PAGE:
Due to the bitter memories of the conflicts related to the Crusades, the Muslim state started showing the harsher attitude towards its Christian subjects.

In the areas of mixed populations (Muslims, Jews and Christians), religious conflicts intensified.

The greater influence of Italian mercantile communities (from Pisa. Genoa and Venice) in the trade between the East and the West continued even after the restoration of Muslim power.


How were Islamic architectural forms different from those of the Roman Empire?


Islamic architectural forms:

Religious buildings were the greatest external symbols of the Islamic architecture.

Mosques, shrines and tombs from Spain to Central Asia showed the same basic design – arches, domes, minarets and open courtyards – and expressed the spiritual and practical needs of Muslims.

The mosque had a distinct architectural form – roof supported by pillars- with an open courtyard (sahn).

In the mosque, there were separate halls where sermons were delivered during noon prayers on Friday.

The same pattern of construction can also be seen in caravanserais, hospitals and palaces.

The Umayyads built ‘desert palaces’ in oases, such as Khirbat ai-Mafjar in Palestine and Qusayr Amra in Jordan.

The ‘desert palaces’ served as luxurious residences and retreats for hunting and pleasure.

Roman architectural forms:

The Roman architecture reflected the practical need for military and entertainment.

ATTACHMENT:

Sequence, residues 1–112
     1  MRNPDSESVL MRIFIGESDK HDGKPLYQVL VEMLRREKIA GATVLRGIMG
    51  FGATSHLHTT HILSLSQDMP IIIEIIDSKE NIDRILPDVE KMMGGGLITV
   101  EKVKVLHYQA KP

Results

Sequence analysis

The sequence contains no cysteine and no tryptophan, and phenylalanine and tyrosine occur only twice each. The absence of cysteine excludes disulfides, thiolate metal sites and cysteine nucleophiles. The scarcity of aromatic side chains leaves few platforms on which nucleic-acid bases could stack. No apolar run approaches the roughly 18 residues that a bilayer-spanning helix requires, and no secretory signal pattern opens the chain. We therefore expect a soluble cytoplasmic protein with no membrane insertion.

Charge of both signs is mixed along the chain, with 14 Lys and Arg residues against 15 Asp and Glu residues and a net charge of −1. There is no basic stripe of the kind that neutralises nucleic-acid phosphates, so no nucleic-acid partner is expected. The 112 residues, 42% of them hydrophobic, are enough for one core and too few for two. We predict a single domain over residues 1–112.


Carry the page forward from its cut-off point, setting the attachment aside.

For example, amphitheatre was constructed for military drill and for staging entertainments for the soldiers. The Colosseum was built for the gladiators who fought wild beasts. It could accommodate 60,000 people.

Describe a journey from Samarqand to Damascus.referring to the cities on the route.


If a traveller sets out his journey from Samarqand to Damascus (in Syria), he has to pass through cities such as Merv and Nishappur in Iraq, and then, Isfahan, Basra and Baghdad in Iran. Damascus is located at a distance of 838 kilometers from Baghdad.

Samarqand was a prospering city due to its location on the Silk Road between China and the Mediterranean.

However, Damascus, Isfahan and Samarqand were older towns and they later developed significantly as Islamic civilisation flourished.

These cities expanded and their population increased as the foodgrains and raw materials (cotton and sugar) were available in abundance for urban manufacturing.

A vast urban network developed, linking one town with a nether and forming a circuit.

The markets had shops in a row, merchants’ lodgings (fanduq) and the office of the money-changer.

The cities were also homes to administrators (ayon or eyes of the state), and scholars and merchants (tujjar).

However, ordinary citizens and soldiers lived in their quarters outside the city circle; they had their own mosque, church or synagogue (Jewish temple), subsidiary market and public bath (hammcim).

The houses of the urban poor were also located at the outskirts of the cities, with their own markets and caravan stations.

There were inns for people to rest when the city gates were shut, and separate cemeteries were maintained for the poor people.